Federal spending through GWACs more than doubles

Federal agencies are making much greater use of governmentwide agency contracts, or GWACs, to meet their information technology requirements. Technology-related orders from GWACs have more than doubled over the past four years, from $1.1 billion in fiscal year 1997 to $2.4 billion in 2001, according to Input Inc., a Chantilly, Va. market research and consulting company.

Spending on GWACs has increased from just 4 percent of all IT purchases by the federal government in 1997 to nearly 7 percent by 2001.

"Agencies have come to rely on GWACs for the speed and convenience these contract vehicles provide in fulfilling their IT requirements," said Erik TerHaar, manager of federal sector database services at Input. Civilian agencies have been the primary drivers in the growth, accounting for 71 percent of total GWAC spending in 2001.

At the same time, the use of GWACs has benefited a relative handful of contractors. Ten vendors accounted for 64 percent of the sales on the 60 GWAC contracts analyzed by Input, out of more than 130 contractors listed on the vehicles.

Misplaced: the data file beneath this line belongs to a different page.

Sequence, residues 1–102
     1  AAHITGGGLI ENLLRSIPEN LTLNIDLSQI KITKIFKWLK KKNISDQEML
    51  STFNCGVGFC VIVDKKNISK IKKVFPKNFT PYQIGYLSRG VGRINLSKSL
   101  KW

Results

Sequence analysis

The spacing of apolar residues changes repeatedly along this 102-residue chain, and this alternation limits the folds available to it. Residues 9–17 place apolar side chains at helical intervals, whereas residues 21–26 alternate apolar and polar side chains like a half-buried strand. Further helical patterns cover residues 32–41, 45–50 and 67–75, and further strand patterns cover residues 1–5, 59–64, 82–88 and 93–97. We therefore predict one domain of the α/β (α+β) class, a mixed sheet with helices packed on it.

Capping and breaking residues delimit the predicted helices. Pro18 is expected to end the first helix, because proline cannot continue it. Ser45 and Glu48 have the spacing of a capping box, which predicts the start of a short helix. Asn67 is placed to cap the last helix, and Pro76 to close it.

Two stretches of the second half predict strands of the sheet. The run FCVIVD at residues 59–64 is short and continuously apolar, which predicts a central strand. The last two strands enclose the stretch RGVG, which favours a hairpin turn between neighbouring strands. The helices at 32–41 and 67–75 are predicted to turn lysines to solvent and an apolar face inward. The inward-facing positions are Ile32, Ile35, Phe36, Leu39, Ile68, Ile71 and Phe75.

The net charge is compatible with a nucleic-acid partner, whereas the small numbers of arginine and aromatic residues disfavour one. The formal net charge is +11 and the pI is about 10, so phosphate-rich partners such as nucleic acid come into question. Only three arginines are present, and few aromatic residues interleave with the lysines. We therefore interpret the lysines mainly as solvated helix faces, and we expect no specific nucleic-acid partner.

Those 10 vendors, by percent of GWAC revenue they brought in, are:

Unisys Corp., 11 percent

Northrop Grumman Corp., 11 percent

Science Applications International Corp., 8 percent

Computer Sciences Corp., 7 percent

Lockheed Martin Corp., 6 percent

GTSI Corp., 5 percent

DynCorp, 5 percent

Affiliated Computer Services Inc., 4 percent

SRA International Inc., 3 percent

Booz Allen Hamilton Inc., 3 percent

"For vendors, it has been feast or famine in terms of their success in selling through these contracts," TerHaar said. "GWACs provide a valuable tool for vendors to sell to a number of agencies, [but] it places a much heavier burden on a company's sales and marketing resources than more traditional government contracts."

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